Tuesday, May 29, 2012

Hope Springs Eternal

I've been robbed before, but never from right under my nose. And so it happened on a quiet road on the university campus in our adopted West African city. Our country was at one of its lowest points economically––ever. There wasn't much to buy to eat, and there was rarely gas in the station pumps. In fact we never found it except the time I remember the Gardener spending a day and a night in a gas line. I think he got maybe a half a tank.

But hope springs eternal and the Gardener was always hopeful that one day we'd find gas available (called "petrol" there). And he wanted to be ready, so he drove around close to "E" and carried a geri tin of petrol in the back of our pick-up truck. He also carried some empty ones ... just in case there was extra gas (there's that hope!)

So one day I drove our double cab pick-up over to the university to buy some eggs from a chicken farm there. Sputter, sputter. The car went dead. Just as I was thinking some not-so-pleasant thoughts about the Gardener and his stubborn optimistic spirit, along came two young men. I asked if they could syphon some fuel for me from the geri tin into my gas tank. They did so and I hopped in the car to continue my errand. But it wouldn't start.

"Let me try," the kind young man offered. I got out to let him in the driver seat. He got it started and promptly drove away. And didn't come back for a  l-o-n-g  time. Standing there on the tree-lined college campus road, I felt very sick to my stomach. I thought our truck was gone for good. While he was away he rifled through the glove compartment and must have thought more seriously about what he was doing as he did bring the vehicle back. So I guess I was only temporarily robbed––but it was one of those moments etched in memory. I skipped buying the eggs and tore home, ran into the meeting my husband was in, and immediately burst into tears. I guess the stress had been great.

And I insisted that I learned to syphon. From then on whenever I took the truck, I first syphoned to a quarter of a tank. It's amazing how much more secure I felt once I had developed that (choking) skill.

(not my photo)


  1. Oh my. How terrifying! At least you know how to siphon gas. Something I've never done. I'm sure I'd swallow it by mistake. Gag! :)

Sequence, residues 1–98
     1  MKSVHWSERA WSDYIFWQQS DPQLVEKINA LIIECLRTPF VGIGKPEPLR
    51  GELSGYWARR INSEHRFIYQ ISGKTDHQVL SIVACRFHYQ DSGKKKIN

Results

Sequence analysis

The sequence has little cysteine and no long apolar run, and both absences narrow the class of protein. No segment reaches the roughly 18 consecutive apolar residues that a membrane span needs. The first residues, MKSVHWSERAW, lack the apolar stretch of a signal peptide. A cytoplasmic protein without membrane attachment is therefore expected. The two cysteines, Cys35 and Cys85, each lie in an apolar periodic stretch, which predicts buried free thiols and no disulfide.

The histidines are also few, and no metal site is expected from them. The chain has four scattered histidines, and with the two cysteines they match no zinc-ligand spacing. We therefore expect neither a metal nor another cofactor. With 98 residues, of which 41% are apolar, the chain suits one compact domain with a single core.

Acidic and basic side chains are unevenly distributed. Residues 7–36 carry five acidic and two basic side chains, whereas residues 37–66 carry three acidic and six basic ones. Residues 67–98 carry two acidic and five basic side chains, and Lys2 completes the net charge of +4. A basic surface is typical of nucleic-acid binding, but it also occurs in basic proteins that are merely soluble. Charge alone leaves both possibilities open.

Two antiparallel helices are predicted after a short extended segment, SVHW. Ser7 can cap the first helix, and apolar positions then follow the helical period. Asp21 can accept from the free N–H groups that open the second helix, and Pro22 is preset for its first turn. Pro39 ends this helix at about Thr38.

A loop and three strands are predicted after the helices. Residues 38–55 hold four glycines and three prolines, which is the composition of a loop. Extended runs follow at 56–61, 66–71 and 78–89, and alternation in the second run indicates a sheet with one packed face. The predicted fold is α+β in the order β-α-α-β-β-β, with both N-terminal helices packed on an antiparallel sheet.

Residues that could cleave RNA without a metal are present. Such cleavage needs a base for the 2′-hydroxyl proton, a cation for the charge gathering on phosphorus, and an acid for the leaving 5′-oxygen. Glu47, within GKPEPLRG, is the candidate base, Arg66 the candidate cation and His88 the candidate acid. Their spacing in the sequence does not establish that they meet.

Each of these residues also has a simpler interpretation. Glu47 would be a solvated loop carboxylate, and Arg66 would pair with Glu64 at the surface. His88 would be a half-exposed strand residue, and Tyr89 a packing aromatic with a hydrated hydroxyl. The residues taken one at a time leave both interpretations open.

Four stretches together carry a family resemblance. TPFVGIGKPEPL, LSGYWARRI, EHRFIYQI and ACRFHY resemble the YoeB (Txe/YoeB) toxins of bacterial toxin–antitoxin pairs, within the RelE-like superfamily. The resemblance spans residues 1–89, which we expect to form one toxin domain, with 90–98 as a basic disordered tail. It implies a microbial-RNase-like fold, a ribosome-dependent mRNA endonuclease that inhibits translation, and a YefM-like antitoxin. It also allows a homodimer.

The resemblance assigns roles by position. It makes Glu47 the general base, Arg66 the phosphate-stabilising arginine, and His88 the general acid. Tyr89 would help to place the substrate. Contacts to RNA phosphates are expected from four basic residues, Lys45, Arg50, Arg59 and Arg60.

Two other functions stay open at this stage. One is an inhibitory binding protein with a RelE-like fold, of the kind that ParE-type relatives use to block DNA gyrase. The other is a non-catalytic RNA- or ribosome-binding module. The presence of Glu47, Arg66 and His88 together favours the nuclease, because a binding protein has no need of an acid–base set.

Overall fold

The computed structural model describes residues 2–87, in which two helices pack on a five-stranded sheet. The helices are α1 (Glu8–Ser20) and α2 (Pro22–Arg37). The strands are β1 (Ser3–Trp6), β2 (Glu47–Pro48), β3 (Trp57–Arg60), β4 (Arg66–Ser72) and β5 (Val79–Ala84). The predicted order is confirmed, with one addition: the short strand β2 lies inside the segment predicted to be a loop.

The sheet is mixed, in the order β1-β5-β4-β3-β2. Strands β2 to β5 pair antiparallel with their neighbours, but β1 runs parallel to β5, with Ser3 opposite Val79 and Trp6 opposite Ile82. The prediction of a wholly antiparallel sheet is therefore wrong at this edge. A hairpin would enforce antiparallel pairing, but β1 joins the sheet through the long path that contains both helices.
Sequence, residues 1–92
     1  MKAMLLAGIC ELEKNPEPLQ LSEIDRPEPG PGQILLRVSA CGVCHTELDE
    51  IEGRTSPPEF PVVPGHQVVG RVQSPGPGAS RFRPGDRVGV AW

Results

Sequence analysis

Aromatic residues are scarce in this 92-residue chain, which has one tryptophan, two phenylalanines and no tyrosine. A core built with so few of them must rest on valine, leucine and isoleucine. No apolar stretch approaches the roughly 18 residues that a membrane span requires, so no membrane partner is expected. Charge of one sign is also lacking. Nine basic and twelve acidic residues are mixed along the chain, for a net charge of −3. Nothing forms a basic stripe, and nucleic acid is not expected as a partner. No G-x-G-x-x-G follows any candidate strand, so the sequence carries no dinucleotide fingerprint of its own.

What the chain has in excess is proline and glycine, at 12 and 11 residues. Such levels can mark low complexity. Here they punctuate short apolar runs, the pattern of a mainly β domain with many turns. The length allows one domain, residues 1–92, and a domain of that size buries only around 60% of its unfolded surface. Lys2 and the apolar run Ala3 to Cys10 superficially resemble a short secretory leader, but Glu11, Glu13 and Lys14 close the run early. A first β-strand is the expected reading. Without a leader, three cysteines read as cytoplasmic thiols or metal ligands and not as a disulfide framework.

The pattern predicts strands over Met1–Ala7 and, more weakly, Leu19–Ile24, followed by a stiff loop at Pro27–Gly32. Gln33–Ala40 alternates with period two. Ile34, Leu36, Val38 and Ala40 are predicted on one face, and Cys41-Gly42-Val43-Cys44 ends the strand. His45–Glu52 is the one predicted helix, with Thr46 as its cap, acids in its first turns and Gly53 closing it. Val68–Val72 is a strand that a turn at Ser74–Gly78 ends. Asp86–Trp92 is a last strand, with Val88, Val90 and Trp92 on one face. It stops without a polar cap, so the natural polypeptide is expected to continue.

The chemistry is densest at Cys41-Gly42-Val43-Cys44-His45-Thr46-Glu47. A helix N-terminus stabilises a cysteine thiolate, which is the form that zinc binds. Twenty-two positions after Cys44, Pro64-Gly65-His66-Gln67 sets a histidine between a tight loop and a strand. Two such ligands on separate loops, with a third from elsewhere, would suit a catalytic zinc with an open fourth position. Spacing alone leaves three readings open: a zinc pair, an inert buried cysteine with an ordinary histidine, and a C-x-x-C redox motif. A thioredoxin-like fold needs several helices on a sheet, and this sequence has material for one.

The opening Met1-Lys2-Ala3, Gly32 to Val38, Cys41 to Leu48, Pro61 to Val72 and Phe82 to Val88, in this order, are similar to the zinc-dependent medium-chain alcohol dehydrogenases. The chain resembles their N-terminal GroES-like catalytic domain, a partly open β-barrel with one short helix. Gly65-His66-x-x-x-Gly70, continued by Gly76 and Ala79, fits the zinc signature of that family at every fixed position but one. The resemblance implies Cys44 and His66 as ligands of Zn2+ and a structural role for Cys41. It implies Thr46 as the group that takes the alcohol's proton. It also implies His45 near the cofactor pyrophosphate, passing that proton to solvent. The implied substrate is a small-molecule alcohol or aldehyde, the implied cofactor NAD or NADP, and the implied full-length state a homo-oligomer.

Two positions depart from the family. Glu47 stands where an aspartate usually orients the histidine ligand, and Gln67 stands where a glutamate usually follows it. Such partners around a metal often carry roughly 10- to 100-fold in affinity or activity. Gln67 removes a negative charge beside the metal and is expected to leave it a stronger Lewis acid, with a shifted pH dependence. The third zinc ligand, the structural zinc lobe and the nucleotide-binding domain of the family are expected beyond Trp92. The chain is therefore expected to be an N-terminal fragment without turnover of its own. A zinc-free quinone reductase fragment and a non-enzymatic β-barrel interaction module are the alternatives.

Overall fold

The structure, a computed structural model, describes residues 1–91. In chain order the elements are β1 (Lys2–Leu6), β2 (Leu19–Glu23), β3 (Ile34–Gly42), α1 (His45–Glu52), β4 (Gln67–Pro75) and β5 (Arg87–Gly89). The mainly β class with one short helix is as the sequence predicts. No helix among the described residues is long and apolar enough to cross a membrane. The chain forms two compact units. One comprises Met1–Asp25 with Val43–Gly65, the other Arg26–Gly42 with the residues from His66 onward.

2. Hi Dotsie
    I'm stressed just reading about your driving around near 'E'. I don't let my tank ever go below a quarter as I'm so scared of running out in the middle of nowhere.
    Thank heavens the fellow had the sense to return your truck to you and I hope he apologized.

  3. I think that many of us manage to keep our resolve until the traumatic moment has passed...then we dissolve. I think that you handled it great! Cherry Kay

  4. Oh my! This is why God has never called me to such experiences. I'd still be at Shady Acres. ☺ All I know of syphoning is watching men choke on gas and spit and spit to remove it from their mouths. Nasty thing to have to learn to do.

  5. We humans are capable of so many things - what has to be done, has to be done. God gave you the strength to do what you needed to do. Moment by moment strength for moment by moment trials.
    Did you swallow any gas? Did you have gasoline breath for days?

  6. Wow. You've led an interesting life. Can't imagine that. That's a skill I hope you never have to use again!

  7. This waa hair raising story, Dotsie! You were so brave. Life can change in a split second and I know God was watching over you.

    Gasoline makes me sick to my stomach --I can't tolerate the smell-- so I never fill up my tank,thankfully my hubby does it for me.

  8. Podso,
    The strength of a woman is never truly known ~ until put to the test. Sounds as if you passed with flying colors (in my book), dear friend!


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